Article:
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Does a hamster fart ? Does the fart smell bad ? Fun factsDid your ever hear your hamster fart ? Did you ever wonder if he does ? I never did, until someone asked us if Teddy can pass gas and I honestly had no idea at first. So I went around, looking for answers and marveling at the fact that no one really answered this with a clear yes or no. Well, here I am to solve this haunting mystery. Table of Contents ToggleSo do hamsters fart ?The little evidence I could find that hamsters can pass gasDoes a hamster’s fart smell ?Hamsters can’t burp, thoughAbout the hamster’s digestive systemA word from Teddy So do hamsters fart ? Yes. Yes they do. Hamsters fart. They’ve rarely been heard by anyone to actually pass gas, but after some research, I’ve concluded that they do. If you want a veterinarian’s opinion on the matter, you should check out this article. Lewis (author) is a vet who majors in exotic animals, and hamsters happen to fall into that category. 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Why Is My Hamster Breathing Fast? 5 Main Reasons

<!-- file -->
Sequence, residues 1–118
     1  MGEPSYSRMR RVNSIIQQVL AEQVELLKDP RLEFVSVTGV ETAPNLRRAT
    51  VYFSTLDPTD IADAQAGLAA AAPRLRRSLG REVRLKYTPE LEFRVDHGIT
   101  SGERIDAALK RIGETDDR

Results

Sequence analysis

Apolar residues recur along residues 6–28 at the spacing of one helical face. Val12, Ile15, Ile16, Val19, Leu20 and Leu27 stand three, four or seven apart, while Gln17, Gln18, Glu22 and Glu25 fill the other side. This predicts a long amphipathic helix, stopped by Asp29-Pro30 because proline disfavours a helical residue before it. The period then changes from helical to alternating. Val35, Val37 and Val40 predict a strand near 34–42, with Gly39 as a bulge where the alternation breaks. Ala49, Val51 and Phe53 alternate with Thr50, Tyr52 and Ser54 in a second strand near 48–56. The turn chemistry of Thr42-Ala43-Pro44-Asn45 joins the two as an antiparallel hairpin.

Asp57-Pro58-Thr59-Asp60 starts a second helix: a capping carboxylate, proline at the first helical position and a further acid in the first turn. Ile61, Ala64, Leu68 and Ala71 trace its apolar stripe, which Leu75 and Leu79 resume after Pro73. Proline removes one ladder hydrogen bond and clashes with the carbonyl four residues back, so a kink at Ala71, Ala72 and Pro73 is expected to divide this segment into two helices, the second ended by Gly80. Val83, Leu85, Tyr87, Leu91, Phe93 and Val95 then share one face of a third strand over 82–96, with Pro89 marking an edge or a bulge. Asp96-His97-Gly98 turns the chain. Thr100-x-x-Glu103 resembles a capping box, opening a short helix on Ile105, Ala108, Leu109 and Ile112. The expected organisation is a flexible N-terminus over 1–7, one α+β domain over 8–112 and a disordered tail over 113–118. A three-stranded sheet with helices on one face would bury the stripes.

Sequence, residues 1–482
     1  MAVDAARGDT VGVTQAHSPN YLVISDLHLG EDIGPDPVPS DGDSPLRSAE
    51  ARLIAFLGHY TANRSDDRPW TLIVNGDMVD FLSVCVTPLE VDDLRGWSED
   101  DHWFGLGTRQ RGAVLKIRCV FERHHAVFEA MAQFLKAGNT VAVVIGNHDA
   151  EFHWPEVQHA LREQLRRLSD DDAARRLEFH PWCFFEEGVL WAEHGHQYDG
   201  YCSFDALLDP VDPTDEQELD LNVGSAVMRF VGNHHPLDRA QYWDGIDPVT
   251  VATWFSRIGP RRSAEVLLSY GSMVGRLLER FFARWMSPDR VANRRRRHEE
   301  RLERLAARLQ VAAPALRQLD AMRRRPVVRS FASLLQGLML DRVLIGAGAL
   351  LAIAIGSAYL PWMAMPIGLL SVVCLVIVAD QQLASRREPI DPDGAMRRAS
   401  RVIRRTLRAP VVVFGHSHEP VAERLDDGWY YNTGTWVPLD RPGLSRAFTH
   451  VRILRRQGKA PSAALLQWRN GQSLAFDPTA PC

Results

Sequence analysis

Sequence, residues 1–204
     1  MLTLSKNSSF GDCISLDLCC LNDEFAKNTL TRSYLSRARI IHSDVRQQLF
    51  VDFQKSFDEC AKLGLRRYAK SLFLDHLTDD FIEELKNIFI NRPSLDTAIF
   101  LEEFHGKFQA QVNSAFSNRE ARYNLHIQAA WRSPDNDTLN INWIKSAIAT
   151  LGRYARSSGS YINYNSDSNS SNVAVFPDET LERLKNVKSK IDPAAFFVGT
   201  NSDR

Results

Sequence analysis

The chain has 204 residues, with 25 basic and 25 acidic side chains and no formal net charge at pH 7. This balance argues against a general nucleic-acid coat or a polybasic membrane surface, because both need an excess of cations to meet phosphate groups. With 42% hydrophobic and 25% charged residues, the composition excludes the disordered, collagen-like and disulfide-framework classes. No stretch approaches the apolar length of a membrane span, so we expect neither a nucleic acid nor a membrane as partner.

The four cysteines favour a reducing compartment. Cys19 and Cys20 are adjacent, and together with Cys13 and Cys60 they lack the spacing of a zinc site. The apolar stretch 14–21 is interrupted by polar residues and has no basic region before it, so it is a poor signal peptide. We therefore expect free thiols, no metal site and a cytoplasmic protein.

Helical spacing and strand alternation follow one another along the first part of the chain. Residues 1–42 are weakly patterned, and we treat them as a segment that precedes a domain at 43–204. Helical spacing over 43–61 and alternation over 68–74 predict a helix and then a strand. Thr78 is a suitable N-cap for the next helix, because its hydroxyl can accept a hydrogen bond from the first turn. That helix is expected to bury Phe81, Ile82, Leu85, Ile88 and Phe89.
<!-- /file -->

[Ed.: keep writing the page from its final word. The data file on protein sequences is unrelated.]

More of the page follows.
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Hamster Cheek Pouches – How They Work, And Common Problems